Amen. You nailed it on the head. I think that it starts with personality. Jocks need to be personalities, not robots. They need a social media presence as much as the radio station does. They need videos, and Tweets, and audio bytes and they need to interact with their audience in so many different ways. I am the Brand Manager for Hot 92 and Hot 100 in Central Pennsylvania. We have an app through Commotion called "The Hub" that has pretty much rebranded our station for a new age. You can check us out and check out the app at Hot92and100.com. Great article, it really made me feel inspired.


Anyone know where I might find Lujack's airchecks online?

Melissa Kunde

Greatness comes from a inherent value in the practice of creating greatness. Commercial Radio as an industry doesn't value the development of greatness in storytelling, communication, imagination and people.

Radio can't live in the past and yet if there is any reverence for wisdom. Those who know the magic of radio know creating iconic personalities and shows that reflect a generation is worth its weight in gold. The internet only makes the cultivation of these personalities more valuable.

Commercial Radio should consider a movement for cultivating new iconic personalities from high schools, colleges and even start a conversation with writers for great TV like Josh Whedon or David Greenwalt or Tina Fey. There is a solution for bigger revenues but it requires someone in radio to take a risk and invest in greatness.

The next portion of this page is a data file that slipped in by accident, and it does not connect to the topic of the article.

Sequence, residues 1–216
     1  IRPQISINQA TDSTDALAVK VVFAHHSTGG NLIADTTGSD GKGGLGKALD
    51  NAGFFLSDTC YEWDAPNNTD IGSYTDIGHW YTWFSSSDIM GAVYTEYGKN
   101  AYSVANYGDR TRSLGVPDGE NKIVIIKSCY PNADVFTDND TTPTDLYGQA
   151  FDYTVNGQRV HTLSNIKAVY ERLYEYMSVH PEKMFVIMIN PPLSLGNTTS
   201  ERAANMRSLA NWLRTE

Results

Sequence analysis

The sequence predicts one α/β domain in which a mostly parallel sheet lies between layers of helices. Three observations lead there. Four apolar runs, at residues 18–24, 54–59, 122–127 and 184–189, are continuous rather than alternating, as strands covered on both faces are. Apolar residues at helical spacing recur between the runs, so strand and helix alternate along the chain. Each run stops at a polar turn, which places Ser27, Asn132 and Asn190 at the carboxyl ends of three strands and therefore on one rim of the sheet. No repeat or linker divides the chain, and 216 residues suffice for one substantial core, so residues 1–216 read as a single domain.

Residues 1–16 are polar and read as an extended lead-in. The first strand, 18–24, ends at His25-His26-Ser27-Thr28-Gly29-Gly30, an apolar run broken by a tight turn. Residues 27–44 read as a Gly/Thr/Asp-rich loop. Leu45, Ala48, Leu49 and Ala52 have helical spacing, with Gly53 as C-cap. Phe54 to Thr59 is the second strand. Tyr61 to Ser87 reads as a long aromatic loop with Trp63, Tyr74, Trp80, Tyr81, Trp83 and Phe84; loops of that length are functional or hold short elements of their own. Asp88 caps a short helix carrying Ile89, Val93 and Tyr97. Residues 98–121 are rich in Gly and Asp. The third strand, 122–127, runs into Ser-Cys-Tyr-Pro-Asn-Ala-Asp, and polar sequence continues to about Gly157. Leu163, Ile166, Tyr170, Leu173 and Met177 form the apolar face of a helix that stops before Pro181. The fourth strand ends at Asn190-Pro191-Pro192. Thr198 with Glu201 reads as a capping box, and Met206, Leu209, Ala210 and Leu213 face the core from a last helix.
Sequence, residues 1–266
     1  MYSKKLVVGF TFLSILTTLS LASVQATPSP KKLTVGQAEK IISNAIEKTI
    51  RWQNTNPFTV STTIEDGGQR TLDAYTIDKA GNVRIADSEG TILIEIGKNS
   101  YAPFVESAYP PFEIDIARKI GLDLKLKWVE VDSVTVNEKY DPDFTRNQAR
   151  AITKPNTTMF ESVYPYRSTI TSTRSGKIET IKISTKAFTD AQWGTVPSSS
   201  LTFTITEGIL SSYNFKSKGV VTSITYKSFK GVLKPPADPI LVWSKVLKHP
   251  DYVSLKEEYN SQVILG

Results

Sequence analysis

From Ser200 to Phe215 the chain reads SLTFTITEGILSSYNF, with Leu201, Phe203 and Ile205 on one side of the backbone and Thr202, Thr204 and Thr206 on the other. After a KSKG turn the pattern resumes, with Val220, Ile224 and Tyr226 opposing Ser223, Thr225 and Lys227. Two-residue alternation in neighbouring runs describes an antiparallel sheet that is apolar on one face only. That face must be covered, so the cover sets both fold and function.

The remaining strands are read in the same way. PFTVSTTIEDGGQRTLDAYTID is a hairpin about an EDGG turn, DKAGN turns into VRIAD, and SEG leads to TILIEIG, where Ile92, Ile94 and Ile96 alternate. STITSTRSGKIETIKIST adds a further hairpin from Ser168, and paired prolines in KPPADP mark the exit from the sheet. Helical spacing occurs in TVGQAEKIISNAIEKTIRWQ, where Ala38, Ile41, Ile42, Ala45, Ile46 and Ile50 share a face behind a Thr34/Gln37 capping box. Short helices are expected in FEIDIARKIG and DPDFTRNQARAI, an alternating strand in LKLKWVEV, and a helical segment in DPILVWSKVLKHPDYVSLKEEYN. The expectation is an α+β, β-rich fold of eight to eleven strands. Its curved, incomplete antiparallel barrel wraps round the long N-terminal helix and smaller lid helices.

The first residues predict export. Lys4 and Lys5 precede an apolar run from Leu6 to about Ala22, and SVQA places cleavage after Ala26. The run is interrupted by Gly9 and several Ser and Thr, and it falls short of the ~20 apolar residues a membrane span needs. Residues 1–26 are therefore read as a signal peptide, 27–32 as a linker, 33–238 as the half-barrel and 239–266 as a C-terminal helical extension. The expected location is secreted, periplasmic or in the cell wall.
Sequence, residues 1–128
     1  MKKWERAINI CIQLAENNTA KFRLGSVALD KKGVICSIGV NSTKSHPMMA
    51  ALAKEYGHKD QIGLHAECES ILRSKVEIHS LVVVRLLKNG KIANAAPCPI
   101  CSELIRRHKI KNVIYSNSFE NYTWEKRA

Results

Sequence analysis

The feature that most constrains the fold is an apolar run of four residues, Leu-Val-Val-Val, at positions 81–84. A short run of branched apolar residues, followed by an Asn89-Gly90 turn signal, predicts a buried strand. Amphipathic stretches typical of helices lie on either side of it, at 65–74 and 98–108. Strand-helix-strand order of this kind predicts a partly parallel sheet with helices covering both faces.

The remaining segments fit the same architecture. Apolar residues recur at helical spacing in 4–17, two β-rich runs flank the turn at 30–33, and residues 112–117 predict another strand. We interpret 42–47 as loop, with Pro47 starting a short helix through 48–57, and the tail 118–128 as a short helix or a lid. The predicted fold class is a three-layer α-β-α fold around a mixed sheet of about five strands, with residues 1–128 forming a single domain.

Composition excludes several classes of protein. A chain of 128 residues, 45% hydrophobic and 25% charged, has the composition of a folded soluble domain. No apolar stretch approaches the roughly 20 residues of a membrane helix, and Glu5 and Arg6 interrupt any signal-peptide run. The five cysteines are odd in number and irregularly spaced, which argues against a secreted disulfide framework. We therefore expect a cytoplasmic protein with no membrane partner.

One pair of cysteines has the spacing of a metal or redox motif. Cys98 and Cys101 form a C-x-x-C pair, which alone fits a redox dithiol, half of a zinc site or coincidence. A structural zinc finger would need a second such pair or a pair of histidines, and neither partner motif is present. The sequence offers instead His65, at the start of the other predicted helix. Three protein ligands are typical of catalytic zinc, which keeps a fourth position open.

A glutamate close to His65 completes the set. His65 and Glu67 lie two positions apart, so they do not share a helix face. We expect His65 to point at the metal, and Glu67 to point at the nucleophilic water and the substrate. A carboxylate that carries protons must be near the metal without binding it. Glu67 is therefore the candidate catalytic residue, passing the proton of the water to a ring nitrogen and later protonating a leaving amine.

Jade Luthi

The news this morning brought tears to my eyes. A one of a kind and very special to me. He will never be forgotten. That is what real talent is all about.

Dick Summer

You've done some great articles Eric. But the one about Lujack was your best. I'm from Brooklyn. William B. Williams on WNEW was my guy. I must have been 8 years old. Willie was MCing a charity event at which Vic Damone was performing. It was for Big Brothers. They were both very personally and very deeply involved. Vic was appearing on Willie's show to promote the event. At the end of the interview, Willie let about 10 seconds of dead air go by. Then he very quietly said, "Vic, I really like you." I had never heard anything like that on the radio. I was stunned. It was real. It was warm. It was human. I tried to remember the feeling of that moment every time I cracked a mic.

A lot of years later, I got to work with Willie. I was the first morning man at WNEW-FM. About 9:30 AM, the studio door opened, The Norman Luboff choir sang a chord, there was a reflection of a great golden light in the control room glass, and the tectonic plate under Fifth Avenue shifted gently. It was Willie B. He walked over to me, held out his hand and said, "Kid you sound great." I didn't know whether I should shake his hand or kiss his ring. Some things you don't forget.